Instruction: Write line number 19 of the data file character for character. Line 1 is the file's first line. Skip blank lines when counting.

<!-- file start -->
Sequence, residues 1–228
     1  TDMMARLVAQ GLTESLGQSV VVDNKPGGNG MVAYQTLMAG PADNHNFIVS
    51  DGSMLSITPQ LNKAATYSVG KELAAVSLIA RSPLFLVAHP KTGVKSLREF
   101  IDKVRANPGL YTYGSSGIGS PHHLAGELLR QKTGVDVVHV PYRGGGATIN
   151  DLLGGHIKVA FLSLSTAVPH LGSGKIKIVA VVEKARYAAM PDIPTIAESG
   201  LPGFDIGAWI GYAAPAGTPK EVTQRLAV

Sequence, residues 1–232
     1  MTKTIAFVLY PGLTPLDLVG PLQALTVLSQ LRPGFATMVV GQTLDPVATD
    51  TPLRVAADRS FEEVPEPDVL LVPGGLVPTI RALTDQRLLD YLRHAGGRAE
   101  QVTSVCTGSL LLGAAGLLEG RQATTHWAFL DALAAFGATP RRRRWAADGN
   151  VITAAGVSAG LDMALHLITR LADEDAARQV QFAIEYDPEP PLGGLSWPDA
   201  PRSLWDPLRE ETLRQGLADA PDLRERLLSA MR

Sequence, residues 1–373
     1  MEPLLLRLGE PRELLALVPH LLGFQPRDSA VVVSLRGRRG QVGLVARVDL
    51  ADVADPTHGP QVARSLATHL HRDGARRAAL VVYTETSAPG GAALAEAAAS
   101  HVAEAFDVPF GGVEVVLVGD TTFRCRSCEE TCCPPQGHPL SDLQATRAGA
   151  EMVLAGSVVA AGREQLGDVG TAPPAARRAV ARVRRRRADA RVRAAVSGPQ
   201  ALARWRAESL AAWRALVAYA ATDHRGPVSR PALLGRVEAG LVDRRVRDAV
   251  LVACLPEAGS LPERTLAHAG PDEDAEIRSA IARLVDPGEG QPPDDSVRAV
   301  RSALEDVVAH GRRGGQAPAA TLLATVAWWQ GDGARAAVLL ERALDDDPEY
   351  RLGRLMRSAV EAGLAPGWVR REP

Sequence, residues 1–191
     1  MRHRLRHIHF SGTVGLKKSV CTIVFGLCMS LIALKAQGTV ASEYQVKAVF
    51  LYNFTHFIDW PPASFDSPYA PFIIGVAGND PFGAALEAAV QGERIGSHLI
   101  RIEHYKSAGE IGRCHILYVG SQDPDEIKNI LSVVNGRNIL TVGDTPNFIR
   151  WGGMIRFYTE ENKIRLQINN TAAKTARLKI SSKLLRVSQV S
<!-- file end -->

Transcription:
   251  LVACLPEAGS LPERTLAHAG PDEDAEIRSA IARLVDPGEG QPPDDSVRAV